Acquisition

Today's topic is always the best one to discuss. I'm excited to announce that a startup in the Bolt Capital family has been acquired.

Portadi has been acquired by OneLogin, the leader in Cloud Identity and Access Management (IAM). The companies share similar views which we at Bolt Capital support: SaaS owns the enterprise. API are the glue for connecting SaaS apps. Employees have more control over administering and using the right tools for the job, but governed and secured by the IT department. 

The marriage of these Silicon Valley companies will bring Portadi to a larger audience faster, and move into the enterprise were OneLogin has a significant footprint. More via TechCrunch article.

Dusan and Tomas, the founders of Portadi, are rock star entrepreneurs. They have unlimited energy and a will to succeed. Combined with hard work, it allowed them to build Portadi into an amazing company. I started using v1 of the product in 2014 and honestly have used it everyday since. It is 100% embedded into my daily work. 

Here is Dusan's CEO annoucement: http://blog.portadi.com/onelogin-acquired-portadi/ 

Crunchtime

I love NBA playoff basketball, especially when there is a highly competitive series that comes down to a final game 7. I woke up at 4am in Frankfurt to watch the end of the Warriors and Thunder series. I sure hope you watched the entire series. It was fantastic competition. With the Warriors down 3-1 games and on the brink of elimination, they fought back with two wins in a row. And ultimately the series got boiled down into a 12-minute last quarter of game 7 to determine the winner. Called Crunchtime in the world of sports and this is when superstars become legends, new stars are born, and aspiring stars get exposed (insert your own cliché). 

There is a very fine line between winning and losing. Not unlike sports, the same is true with startups that succeed and the ones that fail. I saw a few things during game 7 that ring true with young companies.

First was execution. It was a major factor, if not the defining factor, in the Warriors winning the game. They ran their plays, passed the ball around and stuck with the same formula they found to be successful throughout the entire series. Startups build a product, market and sell it, and maybe even pivot, all with the goal of finding a repeatable model. Once they do, they exploit it to their advantage and execute like crazy just like the Warriors did.

Second was fight. I was shocked how it appeared that the Thunder stopped fighting with about a minute left in the game. Its was like they accepted an outcome of losing even when the game winner was not determined. Startups have to fight for everything - first customers, the best employees, VC funding, etc. They can never give up and never stopped until the clock hit zero, no matter how bad things seem to be. So many times startups come within seconds of failure only to climb out the hole and win.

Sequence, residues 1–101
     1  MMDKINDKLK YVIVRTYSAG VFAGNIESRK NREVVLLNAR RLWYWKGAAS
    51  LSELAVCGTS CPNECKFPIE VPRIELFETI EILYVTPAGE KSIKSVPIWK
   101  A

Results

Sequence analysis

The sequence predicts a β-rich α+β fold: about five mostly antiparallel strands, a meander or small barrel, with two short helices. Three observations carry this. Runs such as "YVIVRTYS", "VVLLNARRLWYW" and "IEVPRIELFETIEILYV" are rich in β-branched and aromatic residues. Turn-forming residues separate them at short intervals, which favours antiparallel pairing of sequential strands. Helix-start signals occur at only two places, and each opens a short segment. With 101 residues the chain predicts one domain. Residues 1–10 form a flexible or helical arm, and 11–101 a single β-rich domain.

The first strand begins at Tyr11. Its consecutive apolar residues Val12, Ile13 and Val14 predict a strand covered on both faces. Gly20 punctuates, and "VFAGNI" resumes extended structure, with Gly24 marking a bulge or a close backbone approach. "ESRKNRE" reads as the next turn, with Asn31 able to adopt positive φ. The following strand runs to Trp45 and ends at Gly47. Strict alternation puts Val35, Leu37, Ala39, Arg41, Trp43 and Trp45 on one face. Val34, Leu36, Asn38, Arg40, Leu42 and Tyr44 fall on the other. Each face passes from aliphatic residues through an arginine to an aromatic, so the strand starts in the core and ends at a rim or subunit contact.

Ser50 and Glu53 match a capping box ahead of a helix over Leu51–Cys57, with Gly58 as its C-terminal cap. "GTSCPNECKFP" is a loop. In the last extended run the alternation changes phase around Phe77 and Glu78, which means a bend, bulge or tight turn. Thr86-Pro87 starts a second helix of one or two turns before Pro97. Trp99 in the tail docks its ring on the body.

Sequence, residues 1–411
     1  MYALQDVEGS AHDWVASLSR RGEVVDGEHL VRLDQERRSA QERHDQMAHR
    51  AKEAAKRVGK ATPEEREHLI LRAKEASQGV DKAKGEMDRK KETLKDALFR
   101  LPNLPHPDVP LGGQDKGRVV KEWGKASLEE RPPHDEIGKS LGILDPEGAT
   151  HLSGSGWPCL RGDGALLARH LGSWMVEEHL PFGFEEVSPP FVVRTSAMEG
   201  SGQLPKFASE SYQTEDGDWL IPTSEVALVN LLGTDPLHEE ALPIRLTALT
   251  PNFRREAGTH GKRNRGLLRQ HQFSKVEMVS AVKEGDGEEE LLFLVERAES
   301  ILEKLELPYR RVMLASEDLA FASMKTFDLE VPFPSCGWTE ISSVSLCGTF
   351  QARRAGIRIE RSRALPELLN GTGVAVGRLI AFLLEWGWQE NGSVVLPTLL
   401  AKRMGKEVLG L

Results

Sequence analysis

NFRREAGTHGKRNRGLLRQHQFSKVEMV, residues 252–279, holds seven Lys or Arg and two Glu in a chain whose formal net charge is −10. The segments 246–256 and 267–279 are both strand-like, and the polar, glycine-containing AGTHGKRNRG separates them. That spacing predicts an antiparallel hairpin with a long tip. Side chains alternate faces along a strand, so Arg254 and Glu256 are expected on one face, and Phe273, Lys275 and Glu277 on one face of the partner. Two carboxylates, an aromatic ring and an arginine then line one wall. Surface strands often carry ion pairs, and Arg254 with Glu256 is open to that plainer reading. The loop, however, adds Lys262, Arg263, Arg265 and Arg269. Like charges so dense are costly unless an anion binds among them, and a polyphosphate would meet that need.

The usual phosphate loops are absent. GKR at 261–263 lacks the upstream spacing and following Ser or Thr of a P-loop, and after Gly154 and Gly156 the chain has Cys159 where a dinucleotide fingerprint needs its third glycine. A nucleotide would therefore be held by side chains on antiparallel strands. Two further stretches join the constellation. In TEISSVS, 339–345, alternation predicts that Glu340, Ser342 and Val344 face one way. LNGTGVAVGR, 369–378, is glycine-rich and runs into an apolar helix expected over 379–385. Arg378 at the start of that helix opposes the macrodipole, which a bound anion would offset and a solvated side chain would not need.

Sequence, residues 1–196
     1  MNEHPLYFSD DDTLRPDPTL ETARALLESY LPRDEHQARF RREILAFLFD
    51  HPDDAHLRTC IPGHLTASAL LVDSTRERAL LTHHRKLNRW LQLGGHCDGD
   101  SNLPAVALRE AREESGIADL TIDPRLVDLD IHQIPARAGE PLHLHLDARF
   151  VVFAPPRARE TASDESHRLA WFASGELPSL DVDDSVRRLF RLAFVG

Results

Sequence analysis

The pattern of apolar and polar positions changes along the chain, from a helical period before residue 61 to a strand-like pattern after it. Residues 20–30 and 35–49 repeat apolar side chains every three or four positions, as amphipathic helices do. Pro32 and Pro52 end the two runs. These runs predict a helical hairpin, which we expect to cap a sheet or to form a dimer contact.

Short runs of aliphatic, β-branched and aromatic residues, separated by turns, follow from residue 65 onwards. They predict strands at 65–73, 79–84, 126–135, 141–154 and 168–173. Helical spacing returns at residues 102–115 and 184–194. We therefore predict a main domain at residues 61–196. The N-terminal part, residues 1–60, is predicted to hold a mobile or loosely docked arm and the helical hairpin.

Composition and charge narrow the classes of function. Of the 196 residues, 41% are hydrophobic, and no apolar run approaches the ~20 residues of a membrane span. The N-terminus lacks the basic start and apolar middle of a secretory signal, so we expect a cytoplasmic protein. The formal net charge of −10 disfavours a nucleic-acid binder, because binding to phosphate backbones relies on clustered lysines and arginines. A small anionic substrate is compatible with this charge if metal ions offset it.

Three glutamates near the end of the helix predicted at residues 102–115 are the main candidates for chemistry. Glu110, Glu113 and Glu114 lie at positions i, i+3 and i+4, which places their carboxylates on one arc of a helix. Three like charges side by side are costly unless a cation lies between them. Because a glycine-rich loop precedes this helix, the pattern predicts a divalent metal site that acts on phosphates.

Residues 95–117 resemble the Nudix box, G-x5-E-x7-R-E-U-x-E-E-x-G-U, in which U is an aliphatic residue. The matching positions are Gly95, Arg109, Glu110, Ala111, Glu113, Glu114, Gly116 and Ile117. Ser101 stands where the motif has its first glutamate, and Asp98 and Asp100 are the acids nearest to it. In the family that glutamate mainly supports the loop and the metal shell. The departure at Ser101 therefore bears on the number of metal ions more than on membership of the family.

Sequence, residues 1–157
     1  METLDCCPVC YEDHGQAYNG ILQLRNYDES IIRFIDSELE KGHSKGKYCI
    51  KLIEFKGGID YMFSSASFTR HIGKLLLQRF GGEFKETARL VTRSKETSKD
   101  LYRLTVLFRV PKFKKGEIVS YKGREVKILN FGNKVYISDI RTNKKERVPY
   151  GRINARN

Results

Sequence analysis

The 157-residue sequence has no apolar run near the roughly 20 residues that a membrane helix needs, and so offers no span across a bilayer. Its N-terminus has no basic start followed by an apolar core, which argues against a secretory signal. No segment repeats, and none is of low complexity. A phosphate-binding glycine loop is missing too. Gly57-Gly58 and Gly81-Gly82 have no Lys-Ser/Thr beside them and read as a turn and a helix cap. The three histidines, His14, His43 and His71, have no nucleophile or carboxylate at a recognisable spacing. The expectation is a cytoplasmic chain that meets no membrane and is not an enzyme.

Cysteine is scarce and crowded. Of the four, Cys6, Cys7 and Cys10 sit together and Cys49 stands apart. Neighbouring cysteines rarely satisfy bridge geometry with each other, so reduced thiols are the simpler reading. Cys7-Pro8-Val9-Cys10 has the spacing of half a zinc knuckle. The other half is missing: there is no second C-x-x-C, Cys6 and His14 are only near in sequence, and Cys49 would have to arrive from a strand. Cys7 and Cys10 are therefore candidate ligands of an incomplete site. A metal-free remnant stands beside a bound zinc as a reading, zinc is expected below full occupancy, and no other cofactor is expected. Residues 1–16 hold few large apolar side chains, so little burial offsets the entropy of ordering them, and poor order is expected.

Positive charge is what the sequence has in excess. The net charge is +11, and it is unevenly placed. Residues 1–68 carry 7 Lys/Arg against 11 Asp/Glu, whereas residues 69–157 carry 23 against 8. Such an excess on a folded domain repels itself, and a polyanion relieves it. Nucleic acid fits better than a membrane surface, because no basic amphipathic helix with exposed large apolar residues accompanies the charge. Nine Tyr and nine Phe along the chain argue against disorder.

Finally was team effort. Everyone contributed for the Warriors by making shots and key defensive plays. Because of their execution and fight, each Warrior player was empowered and expected to provide a meaningful contribution. But when it was time for the Warrior's leader to step up and take responsibility, Steph Curry took and made the big shot. No startup wins on the back of one person. It is always a team effort. And no startup will win without a leader (leadership team) to make the critical decisions at the right time to bring the win home. 

What do you believe startups can learn from sports? 

A Common Language

My new home of Frankfurt is trying to make a name for itself in the Fintech startup community. Recently, the city and State of Hessen put out a request for proposals to create a Fintech center, and in conjunction hosted an event for the submitters to present their proposals to the public. Moreover, every week there are numerous startup and technology meetups, CEO interviews, panel discussions, and thought leadership articles.

But there is a problem. There is no common language. 99% of startup and tech events are in German, while Fintech is international. Startups in general are international. And like it or not, that common language is English. In addition, having recorded content in German limits its distribution to other parts of the world, dramatically limiting Frankfurt's ability to promote itself as a startup hub and thus attracting entrepreneurs along the way. Unless a company's only market is Germany, then entrepreneurs will need to present their business in English, sell customers in English, raise money in English, and hire in English. Talent from all over flock to startups with these commonalities.

Everyone in Frankfurt and the surrounding areas has been accommodating with me, and I appreciate it. But there are many people that don't speak German and thus don't get involved with startups here. When in Berlin, Paris, Barcelona, Amsterdam and other startup hubs, 99% speak English as the common language, but in Frankfurt it is the opposite. 

Thus, if Frankfurt is going to be taken seriously as a Fintech center and a startup hub, then a good starting point is a common language.

Right or Wrong?

A bunch of well known VCs were asked 'what's the biggest change to technology in the next 5 years'. It's worth the 2-minute watch to get their answers. They saved the best for last. 

My answer is sensors. I believe the phase of experimentation is coming to an end with the realization of powerful use cases and benefits, both in the industrial world as well as the consumer market. What is your answer?